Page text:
The audience of the Olympics would largely benefit from the excitement esports brings to younger viewers. "The IOC … needs to adjust and adapt to a modern age and cater to contemporary audiences," said Joost van Dreunen, an esports investor and adviser. "Tastes change."

Conventional sports audiences are also growing older. In 2016, MarketWatch, which collected data from different researchers, reported that most fans watching conventional sports are 40 and older. The average age of an MLB viewer is 57, the report said, while for the NFL it's 50 and for the NBA -- the youngest audience -- it's 42. Younger audiences aren't watching pro conventional sports nearly as much as viewers over the age of 40. 

Esports draws in a younger viewing audience. The average age of an esports viewer is 31, much younger than average NBA viewer. If the IOC were to incorporate esports into the Olympic Games, it would draw in a crowd that conventional sports doesn't. Contrarily, conventional sports viewers may find this addition too far removed from a sport, or, not a "sport" at all. 

"A non-shooter game would have an easier time getting adopted [into the Olympics], something more similar to a football or traditional sport that's already there," said Erik Anderson, head of esports for FaZe Clan.

But it's first-person shooter games -- like Call of Duty, Valorant and Counter-Strike -- that tend to be the most popular with gamers and fans, said Florent Gutierrez, Razer's director of global esports. The problem is largely that such titles would go against what the Olympics are all about and wouldn't be embraced by the IOC.

"We cannot have in the Olympic program a game which is promoting violence or discrimination," IOC President Thomas Bach told the Associated Press in 2018. At the time, he said there was no future for esports in the Olympics as long as the titles were so violent. "So-called killer games. They, from our point of view, are contradictory to the Olympic values and cannot therefore be accepted."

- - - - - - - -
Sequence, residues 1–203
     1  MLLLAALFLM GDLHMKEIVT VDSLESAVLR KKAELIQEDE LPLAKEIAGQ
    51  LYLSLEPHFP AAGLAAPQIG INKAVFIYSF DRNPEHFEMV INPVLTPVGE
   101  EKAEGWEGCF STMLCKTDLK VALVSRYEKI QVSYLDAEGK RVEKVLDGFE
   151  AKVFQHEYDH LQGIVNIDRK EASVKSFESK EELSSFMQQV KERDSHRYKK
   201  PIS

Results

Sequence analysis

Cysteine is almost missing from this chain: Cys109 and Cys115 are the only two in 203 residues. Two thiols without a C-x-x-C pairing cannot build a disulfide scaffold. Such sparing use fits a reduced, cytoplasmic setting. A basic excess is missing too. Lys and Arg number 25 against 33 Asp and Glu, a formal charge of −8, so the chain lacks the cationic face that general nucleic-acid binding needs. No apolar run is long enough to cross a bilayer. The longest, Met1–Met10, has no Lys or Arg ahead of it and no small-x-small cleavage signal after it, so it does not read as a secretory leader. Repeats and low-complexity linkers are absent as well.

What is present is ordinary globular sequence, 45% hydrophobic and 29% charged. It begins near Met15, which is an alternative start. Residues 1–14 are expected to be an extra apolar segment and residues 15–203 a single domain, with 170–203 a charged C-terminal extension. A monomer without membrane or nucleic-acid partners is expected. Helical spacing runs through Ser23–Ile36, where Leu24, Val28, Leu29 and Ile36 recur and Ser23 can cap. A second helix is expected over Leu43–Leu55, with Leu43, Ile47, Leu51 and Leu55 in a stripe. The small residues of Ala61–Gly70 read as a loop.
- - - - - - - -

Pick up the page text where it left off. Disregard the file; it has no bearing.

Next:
Olympics then, now -- and in the future 

The Olympics we know today are drastically different from the first series of games in 1896 in Athens. At that time, they were a one-day series of Greek sports before being extended to a three-day series featuring running, long jump, shot put, javelin, boxing, pankration and equestrian events. 

The modern Olympics are split into two different categories -- summer and winter, each occur every four years, featuring different sports. The summer roster includes more than 45 sports, with gymnastics, swimming, soccer, basketball and track and field among the most popular. The winter sports cater to snow and ice events and include more than 10 sports. 

The IOC, which hosts and governs the games, continually evaluates which sports should be included. With each Olympics, new events are added while others are removed. For 2020, surfing, karate, rock climbing and skateboarding were added. Baseball and softball also returned this year after being cut in 2012 due to lack of viewership. 

"The five sports … offer a key focus on youth, which is at the heart of the Games vision for Tokyo 2020," the IOC said in a press release. 


Skateboarding debuted at the Tokyo Olympics. 

Getty Images

For esports to become an Olympic event, the IOC would first have to recognize esports as a sport. Because competition is virtual, esports competitions typically aren't viewed as physical events, a hallmark of the Olympics. If the IOC got beyond that hurdle, esports would then proceed to the International Sports Federation, where the rules and regulations surrounding the sport would be established.

Even if esports is designated a sport by the IOC, that doesn't mean it will be part of the Olympics. The best examples are bowling, chess and cheerleading. While all three are recognized as sports by the IOC, none has athletes competing in the Olympics. There are other factors at play, too, like whether they're played in enough countries -- and whether anyone will watch the events. That's not always the case for nontraditional sporting activities.

As the IOC continues to welcome the opportunity for new games, there may be a push for esports in the 2022 Winter Olympics, when Beijing hosts. China is the world's largest esports market, with revenue totaling an estimated $385 million in comparison to North America's $252 million in revenue, according to a 2020 SportsPro report.